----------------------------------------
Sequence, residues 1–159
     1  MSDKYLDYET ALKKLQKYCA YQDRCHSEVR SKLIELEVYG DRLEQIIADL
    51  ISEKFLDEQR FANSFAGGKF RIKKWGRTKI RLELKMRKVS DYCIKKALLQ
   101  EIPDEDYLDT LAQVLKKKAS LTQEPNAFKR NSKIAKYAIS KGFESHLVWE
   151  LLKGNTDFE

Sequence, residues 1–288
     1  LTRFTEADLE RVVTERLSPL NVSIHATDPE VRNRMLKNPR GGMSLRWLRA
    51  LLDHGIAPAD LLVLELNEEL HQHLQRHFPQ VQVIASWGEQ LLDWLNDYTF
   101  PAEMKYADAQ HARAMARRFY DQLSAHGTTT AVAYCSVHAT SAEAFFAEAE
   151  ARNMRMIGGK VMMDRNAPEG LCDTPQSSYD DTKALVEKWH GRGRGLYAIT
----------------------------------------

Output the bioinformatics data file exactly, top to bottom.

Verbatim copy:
Sequence, residues 1–159
     1  MSDKYLDYET ALKKLQKYCA YQDRCHSEVR SKLIELEVYG DRLEQIIADL
    51  ISEKFLDEQR FANSFAGGKF RIKKWGRTKI RLELKMRKVS DYCIKKALLQ
   101  EIPDEDYLDT LAQVLKKKAS LTQEPNAFKR NSKIAKYAIS KGFESHLVWE
   151  LLKGNTDFE

Sequence, residues 1–288
     1  LTRFTEADLE RVVTERLSPL NVSIHATDPE VRNRMLKNPR GGMSLRWLRA
    51  LLDHGIAPAD LLVLELNEEL HQHLQRHFPQ VQVIASWGEQ LLDWLNDYTF
   101  PAEMKYADAQ HARAMARRFY DQLSAHGTTT AVAYCSVHAT SAEAFFAEAE
   151  ARNMRMIGGK VMMDRNAPEG LCDTPQSSYD DTKALVEKWH GRGRGLYAIT